Sustain a Working Group
Evaluation is the collection of, analysis and interpretation of information about any aspect of a programme of education or training as part of a recognized process of judging its effectiveness, its efficiency and any other outcomes it may have.
How are evaluation and sustainability related?
Evaluating whether your open working group has met its goals and stated outcomes is an essential part of ensuring its sustainability. (See Goals and Purpose.) Communicating to stakeholders—including senior administration and student groups—about success and impacts of activities such as events, grants, or program/policy changes may lead to increased support and further initiatives. However, evaluating the impact of OER adoption and advocacy can be challenging, so it will be important to consider the type of tools to use and evidence to gather early when establishing your open working group:
…evidence generated by complex and innovative processes such as OER release is often itself complex, context-specific and difficult to generalise. These kinds of initiatives require significant organisational change and may include external partners and stakeholders with very different cultures and practices. Evaluation, in particular is challenging and ranges from evaluating specific OER for fitness of purpose, changes in staff attitudes, impact on learning and teaching and longer term impact on institutional practices and the wider community.”
- What are we evaluating?
- How do you build in evaluation?
- What is the open working group’s goal in evaluation?
- How do you report?
- How do report your own activity (e.g. advocacy, capacity building, awareness)?
- How do we report on and show value for the working group itself?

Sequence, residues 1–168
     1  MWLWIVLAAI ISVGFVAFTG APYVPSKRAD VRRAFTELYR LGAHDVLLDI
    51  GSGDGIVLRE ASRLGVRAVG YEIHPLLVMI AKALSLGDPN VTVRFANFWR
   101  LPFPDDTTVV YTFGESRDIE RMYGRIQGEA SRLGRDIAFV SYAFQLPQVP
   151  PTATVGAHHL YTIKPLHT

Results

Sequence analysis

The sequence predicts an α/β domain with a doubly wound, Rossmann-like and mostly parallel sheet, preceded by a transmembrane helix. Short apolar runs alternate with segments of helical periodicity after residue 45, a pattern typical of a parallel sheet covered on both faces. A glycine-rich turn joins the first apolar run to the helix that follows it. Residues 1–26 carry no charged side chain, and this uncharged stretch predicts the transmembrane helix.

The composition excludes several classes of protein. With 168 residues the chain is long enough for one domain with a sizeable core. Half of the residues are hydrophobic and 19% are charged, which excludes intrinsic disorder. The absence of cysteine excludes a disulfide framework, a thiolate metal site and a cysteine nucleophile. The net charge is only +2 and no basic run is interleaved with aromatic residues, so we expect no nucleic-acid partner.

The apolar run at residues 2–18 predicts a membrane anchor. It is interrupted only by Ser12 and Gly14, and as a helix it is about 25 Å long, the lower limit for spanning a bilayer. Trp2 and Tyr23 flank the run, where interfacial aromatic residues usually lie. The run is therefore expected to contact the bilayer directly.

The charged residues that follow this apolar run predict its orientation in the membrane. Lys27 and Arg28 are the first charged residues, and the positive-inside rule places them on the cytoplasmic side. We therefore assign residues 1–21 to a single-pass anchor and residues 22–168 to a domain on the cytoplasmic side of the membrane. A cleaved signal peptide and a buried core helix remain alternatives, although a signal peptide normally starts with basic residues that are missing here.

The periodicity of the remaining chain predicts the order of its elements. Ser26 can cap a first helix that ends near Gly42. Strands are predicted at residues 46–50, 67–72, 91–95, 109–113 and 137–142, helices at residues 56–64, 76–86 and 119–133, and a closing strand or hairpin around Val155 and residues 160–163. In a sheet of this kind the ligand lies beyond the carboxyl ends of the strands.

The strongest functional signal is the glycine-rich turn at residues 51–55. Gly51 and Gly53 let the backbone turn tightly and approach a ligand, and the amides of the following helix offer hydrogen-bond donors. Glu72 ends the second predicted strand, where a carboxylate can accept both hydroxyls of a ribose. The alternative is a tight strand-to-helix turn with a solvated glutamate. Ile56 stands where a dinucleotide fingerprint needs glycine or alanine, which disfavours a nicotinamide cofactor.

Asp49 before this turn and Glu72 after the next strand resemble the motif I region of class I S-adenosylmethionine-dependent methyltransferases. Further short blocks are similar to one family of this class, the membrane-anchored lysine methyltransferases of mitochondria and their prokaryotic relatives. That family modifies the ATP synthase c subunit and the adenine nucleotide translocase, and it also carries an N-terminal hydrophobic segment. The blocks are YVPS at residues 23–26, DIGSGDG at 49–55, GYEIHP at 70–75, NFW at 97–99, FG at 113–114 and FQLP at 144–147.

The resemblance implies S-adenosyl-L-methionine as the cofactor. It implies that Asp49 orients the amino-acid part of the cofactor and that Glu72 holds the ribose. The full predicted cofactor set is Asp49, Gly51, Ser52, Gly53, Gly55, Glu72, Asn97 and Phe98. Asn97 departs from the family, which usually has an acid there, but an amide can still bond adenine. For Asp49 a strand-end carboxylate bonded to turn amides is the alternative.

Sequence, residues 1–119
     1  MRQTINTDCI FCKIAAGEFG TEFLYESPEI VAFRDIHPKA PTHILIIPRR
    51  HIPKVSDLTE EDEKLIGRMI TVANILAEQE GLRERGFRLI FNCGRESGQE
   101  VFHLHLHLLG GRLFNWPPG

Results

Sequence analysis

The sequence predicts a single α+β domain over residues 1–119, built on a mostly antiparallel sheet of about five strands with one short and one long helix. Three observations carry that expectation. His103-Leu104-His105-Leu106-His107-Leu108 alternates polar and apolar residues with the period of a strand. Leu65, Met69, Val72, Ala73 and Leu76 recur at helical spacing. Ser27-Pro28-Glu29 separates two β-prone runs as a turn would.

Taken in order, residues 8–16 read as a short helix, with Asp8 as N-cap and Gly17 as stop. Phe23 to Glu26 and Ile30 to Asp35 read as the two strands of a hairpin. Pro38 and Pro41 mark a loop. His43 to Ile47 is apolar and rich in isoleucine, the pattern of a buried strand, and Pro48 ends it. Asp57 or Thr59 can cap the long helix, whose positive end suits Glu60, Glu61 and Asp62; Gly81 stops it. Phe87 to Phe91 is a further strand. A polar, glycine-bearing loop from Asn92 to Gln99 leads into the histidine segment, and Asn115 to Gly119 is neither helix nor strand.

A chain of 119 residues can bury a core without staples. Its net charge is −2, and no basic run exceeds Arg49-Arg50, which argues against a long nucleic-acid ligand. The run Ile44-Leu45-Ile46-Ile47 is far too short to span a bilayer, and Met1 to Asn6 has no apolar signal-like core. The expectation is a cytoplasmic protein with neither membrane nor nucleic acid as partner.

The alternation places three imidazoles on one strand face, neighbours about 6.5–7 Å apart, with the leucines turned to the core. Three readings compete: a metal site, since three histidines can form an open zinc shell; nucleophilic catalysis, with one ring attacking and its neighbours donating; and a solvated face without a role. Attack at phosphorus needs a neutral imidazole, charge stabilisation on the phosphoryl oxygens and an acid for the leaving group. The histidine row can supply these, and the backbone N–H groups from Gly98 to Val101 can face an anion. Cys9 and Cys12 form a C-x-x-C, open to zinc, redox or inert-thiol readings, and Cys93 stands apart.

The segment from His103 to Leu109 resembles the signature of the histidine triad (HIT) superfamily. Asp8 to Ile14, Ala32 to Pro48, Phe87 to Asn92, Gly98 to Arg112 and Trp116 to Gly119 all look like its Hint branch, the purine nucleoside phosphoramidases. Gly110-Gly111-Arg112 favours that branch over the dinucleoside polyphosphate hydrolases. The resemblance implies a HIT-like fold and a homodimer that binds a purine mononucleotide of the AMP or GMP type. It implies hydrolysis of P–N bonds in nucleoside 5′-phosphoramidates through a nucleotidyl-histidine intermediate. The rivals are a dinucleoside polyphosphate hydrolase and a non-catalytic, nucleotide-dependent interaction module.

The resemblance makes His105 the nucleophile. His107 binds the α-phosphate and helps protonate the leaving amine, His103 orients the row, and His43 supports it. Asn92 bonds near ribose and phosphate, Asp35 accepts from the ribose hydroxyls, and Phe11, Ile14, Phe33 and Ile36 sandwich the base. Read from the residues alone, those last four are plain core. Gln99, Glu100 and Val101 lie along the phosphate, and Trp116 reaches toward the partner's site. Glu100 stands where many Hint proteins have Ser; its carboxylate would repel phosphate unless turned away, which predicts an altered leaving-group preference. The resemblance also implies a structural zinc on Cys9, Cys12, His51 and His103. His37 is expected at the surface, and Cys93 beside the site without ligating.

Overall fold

Why do we evaluate?
There are many reasons why open working groups should evaluate their work. It allows you to:
- Share cost savings with students, governments, and institutions. This can provide a rationale for government and institutional funding and student buy-in.
- Link adoption of resources with student learning (i.e., students contributing to resources, customization by faculty).
- Determine and ensure OER quality. Quality is a central concern for faculty in considering OER adoption.
- Share success and OER adoption. Sharing adoptions and the success of open education programs and projects encourages adoptions and increases the awareness of OER.
Different institutional stakeholders often are charged with evaluating OER:
- Students. For example, students at UBC led an environmental scan of OER [PDF].
- Faculty researching OER. For example, Gill Green at UBCO, Christina Hendricks at UBC, Rajiv Jhangiani at KPU, and Georg Rieger at UBC.
- Libraries. For example, this research paper on a community of librarians supporting OER, called Librarians and OER: Cultivating a Community of Practice to be more Effective Advocates [PDF].
- Instructional support staff researching OER.
- Centres for teaching and learning.
The TRU Special Investment Fund grant, which supports faculty development, has the following requirements built in. The open working group must collect and report on the following:
- Total investment in grants programs,
- Number of funded courses,
- Total enrolment in funded courses over time,
- Average textbook costs (before OER development),
- Total student savings after one year, and
- The extent of faculty dissemination of their work in developing and integrating OER.
- Fred Percival, Henry Ellington, and Phil Race, A Handbook of Educational Technology, 3rd Edition (London: Kogan Page Ltd., 1993). ↵
- Lou McGill, "Open Educational Resources: Sustainability," Jisc, https://www.jisc.ac.uk/guides/open-educational-resources/sustainability (accessed January 25, 2019). ↵
- I. Elaine Allen and Jeff Seaman, “Online Report Card: Tracking Online Education in the United States,” Babson Survey Research Group, 2016. ↵